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I'm writing C++ code on a mac. Why do I get this error when compiling?:

Undefined symbols for architecture i386: "Log::theString", referenced from: Log::method(std::string) in libTest.a(Log.o) ld: symbol(s) not found for architecture i386 clang: error: linker command failed with exit code 1 (use -v to see invocation)

Not sure if my code is wrong or I have to add additional flags to Xcode. My current XCode configurations are the default ones for a 'static library' project.

My code:

Log.h------------

#include <iostream>
#include <string>

using namespace std;

class Log{
public:
    static void method(string arg);
private:
    static string theString ;
};

Log.cpp ----

#include "Log.h"
#include <ostream>

void Log::method(string arg){
    theString = "hola";
    cout   << theString << endl; 
}

I'm calling the 'method' from a test code, in this way: 'Log::method("asd"):'

thanks for your help.

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2 Answers 2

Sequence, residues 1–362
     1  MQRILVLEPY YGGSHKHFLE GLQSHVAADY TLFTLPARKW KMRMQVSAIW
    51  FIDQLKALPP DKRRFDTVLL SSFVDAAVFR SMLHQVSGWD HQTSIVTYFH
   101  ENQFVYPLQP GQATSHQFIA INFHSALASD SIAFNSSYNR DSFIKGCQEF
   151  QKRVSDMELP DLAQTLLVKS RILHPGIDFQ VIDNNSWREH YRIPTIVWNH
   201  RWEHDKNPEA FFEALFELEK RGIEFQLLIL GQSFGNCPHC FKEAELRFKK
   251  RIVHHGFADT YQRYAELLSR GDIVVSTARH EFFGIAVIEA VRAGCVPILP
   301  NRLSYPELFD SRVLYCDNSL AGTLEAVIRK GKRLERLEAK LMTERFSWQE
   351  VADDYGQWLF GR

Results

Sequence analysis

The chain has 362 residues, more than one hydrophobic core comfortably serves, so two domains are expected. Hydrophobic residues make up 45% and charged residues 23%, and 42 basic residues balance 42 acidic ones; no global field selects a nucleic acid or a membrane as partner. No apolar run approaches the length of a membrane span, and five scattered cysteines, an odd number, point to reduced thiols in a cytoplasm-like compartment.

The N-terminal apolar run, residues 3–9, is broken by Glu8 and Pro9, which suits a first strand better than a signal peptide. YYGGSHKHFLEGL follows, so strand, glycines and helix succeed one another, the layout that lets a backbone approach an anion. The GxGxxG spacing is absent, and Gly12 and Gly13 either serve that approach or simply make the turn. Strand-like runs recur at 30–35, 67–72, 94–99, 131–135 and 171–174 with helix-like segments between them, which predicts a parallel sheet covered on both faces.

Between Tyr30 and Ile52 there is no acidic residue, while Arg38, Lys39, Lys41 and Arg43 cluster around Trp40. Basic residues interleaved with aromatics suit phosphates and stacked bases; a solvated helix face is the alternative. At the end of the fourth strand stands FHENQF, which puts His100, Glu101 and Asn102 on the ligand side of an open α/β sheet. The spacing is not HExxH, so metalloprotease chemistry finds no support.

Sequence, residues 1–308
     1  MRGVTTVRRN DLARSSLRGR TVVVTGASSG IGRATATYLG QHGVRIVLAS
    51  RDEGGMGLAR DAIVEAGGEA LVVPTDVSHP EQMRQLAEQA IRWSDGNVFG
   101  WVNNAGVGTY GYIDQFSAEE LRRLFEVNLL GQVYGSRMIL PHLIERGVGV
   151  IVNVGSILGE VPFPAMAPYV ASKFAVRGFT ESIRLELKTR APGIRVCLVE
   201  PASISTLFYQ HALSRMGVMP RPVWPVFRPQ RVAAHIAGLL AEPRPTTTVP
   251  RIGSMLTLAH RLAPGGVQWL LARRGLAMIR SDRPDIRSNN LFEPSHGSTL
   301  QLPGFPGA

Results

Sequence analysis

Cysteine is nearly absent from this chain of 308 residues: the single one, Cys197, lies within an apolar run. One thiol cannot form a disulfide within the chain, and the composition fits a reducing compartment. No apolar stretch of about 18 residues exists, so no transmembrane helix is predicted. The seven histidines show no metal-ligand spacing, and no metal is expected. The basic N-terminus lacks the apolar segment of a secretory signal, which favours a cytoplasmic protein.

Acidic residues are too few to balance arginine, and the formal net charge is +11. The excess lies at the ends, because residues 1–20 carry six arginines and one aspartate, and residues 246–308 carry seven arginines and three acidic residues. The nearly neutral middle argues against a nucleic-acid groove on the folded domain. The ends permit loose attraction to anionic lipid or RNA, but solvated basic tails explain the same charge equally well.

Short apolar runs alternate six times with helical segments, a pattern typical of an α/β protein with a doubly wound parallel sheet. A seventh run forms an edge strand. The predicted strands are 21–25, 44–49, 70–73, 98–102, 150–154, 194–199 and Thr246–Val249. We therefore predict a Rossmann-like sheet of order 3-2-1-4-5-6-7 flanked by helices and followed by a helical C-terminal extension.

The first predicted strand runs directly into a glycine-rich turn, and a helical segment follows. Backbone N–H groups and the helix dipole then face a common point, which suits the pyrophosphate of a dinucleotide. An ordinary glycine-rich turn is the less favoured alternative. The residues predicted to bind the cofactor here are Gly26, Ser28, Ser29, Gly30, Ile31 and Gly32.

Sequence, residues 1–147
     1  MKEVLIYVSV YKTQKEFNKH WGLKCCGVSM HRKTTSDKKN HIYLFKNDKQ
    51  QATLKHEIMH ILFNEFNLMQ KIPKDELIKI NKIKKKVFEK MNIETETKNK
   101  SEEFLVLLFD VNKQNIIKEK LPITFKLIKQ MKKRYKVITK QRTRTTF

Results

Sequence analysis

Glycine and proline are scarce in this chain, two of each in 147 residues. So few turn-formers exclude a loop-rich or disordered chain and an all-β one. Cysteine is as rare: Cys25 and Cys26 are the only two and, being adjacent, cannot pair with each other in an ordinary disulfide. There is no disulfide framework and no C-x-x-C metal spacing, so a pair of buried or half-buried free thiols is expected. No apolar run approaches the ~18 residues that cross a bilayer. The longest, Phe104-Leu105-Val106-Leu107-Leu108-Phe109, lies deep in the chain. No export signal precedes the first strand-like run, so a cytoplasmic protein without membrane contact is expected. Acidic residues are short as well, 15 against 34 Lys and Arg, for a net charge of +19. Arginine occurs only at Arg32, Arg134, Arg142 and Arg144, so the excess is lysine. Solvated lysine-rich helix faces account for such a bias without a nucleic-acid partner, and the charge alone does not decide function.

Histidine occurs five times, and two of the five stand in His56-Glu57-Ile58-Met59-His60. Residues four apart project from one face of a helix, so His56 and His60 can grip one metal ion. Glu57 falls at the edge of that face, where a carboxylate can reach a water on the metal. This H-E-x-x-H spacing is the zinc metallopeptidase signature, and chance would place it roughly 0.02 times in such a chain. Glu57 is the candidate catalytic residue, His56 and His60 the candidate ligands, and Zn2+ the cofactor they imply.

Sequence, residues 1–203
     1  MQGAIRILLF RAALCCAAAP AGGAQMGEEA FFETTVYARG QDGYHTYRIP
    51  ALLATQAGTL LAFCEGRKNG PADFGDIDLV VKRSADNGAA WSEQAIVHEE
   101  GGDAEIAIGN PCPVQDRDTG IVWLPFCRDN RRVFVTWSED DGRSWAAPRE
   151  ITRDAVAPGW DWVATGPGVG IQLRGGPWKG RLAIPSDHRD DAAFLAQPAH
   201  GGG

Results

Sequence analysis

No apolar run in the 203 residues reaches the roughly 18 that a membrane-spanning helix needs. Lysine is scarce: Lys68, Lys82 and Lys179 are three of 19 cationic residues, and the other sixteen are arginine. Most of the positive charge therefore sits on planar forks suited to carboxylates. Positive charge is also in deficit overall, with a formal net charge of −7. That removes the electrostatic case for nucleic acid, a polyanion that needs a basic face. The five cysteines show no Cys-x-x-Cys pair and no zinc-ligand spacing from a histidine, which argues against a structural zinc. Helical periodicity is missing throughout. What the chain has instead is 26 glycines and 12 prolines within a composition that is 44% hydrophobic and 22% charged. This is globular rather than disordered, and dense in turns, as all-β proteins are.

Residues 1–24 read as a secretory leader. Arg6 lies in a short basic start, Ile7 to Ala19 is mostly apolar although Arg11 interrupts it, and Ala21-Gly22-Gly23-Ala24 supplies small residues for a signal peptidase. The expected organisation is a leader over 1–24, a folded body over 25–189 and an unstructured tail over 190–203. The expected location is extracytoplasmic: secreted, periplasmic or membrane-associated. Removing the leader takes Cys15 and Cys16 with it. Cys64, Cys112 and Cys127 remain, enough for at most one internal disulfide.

up vote 17 down vote accepted

You must define the statics in the cpp file.

Log.cpp

#include "Log.h"
#include <ostream>

string Log::theString;  // <---- define static here

void Log::method(string arg){
    theString = "hola";
    cout   << theString << endl; 
}

You should also remove using namespace std; from the header. Get into the habit while you still can. This will pollute the global namespace with std wherever you include the header.

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Rather initializes instead of defines, no (just asking)? –  Vyktor Feb 14 '12 at 18:49
    
@Vyktor I think both are accepted. –  Luchian Grigore Feb 14 '12 at 18:51
5  
Perhaps even a better term would be that it allocates space for the string. –  btown Feb 14 '12 at 19:55
    
Thank you so much. You are helped me a lot! –  JavaRunner Mar 29 '14 at 9:10
    
Good point about using namespace *; in the header. It's easier if you shake the habit earlier on. –  benjineer Nov 26 '14 at 5:16

You declared static string theString;, but haven't defined it.

Include

string Log::theString;

to your cpp file

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